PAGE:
The bully scene was a night exterior, so Edvardsen had to light the actors and create fill in the surrounding woods. “When you’re trying to achieve such a soft image, you can’t let anything be pitch black,” he notes. “You have to get the luminance up.” A 10K softbox on a crane provided ambient lighting and Kino Flos were positioned around the grounds. “Because we were shooting so wide, it was always a challenge to hide lamps,” says Edvardsen. “When it wasn’t windy, we were trying to fill the area with smoke to give it a magical atmosphere. It sounds strange, but it’s so cold there that this phenomenon happens naturally — you can drive by a frozen lake and see steam rising from it. It has to do with the different temperatures of the water and air.”  

Given that temperatures often plummeted to -22ºF, the production stored its cameras and film stock in a large refrigerator to mitigate problems caused by temperature swings. “Everything worked well,” Edvardsen recalls, “but sometimes we had to shoot something inside and then go outside, and we’d have to wait an hour for the equipment to chill down!”  

When the time came to discuss post, Jonsson and Edvardsen proposed timing the film photochemically rather than doing a digital intermediate (DI). “When you’re working at the top of the negative, you need all the color information you can get,” says Edvardsen, who worked with color timer Sten Lindberg at Nordisk Film Post. “Jens and I wanted to cut the negative and do a direct print to get all that color information out of the negative.” In the end, the filmmakers did a 2K scan to create versions for TV and DVD, and during that process, “we found in the telecine that if we really pushed the digital file to make it bright and soft, there were no colors left,” says the cinematographer. “We had to fill in with colors that weren’t really there, and suddenly, we were struggling with strange, invented colors. But the photochemical timing was a dream.”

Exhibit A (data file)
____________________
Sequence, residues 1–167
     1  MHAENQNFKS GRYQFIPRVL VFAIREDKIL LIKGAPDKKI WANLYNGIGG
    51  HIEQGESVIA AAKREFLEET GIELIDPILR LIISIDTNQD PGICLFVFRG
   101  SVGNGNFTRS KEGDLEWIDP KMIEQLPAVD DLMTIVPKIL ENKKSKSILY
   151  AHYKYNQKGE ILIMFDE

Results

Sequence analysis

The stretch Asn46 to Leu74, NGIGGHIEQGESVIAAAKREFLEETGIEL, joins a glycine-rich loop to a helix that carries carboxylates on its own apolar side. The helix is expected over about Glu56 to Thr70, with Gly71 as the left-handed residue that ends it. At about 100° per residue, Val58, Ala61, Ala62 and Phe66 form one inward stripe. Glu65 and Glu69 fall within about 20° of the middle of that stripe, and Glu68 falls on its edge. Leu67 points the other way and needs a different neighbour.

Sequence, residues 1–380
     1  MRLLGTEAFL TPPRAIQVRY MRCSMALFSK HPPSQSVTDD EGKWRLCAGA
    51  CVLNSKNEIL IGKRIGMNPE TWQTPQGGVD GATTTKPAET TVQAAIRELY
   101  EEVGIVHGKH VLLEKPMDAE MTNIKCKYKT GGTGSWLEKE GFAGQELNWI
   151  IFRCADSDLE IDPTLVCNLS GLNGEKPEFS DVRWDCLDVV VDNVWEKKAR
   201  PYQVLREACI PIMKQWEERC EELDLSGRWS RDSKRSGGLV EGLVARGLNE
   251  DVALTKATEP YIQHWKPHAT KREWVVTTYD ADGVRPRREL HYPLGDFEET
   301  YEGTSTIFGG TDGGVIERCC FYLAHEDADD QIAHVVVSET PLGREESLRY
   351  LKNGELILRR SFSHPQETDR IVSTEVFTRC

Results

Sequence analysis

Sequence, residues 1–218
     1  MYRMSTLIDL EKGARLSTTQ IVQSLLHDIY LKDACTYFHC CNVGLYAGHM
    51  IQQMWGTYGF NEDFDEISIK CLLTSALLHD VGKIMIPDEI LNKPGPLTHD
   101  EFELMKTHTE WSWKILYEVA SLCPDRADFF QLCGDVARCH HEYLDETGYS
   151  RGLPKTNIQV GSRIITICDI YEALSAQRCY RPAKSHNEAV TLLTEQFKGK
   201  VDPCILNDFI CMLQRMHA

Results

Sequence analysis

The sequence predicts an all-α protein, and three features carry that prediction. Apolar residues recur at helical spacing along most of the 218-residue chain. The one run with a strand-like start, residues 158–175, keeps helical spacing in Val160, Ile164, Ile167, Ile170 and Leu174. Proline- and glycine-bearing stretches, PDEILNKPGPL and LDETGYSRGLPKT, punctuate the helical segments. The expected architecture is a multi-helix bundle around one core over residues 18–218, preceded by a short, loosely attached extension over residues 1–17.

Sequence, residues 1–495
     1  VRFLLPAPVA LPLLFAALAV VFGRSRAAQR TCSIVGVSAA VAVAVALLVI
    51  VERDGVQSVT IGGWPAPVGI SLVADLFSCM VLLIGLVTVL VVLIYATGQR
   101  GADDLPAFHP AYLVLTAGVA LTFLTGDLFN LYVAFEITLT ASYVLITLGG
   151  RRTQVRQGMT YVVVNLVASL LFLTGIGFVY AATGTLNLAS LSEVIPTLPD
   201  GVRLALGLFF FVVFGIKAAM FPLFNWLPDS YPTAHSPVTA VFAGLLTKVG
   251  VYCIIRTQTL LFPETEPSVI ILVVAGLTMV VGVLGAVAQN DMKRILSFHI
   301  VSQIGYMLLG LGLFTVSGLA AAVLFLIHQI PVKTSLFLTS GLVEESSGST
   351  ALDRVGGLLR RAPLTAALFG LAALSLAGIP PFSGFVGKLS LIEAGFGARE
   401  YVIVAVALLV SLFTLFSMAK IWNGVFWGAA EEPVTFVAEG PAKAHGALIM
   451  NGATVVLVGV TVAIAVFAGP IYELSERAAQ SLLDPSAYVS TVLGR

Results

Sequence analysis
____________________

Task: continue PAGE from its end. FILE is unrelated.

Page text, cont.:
Noting that King of Ping Pong was projected on 35mm at Sundance, Edvardsen concludes, “There are no plans to make digital prints of our movie as long as theaters are projecting film.”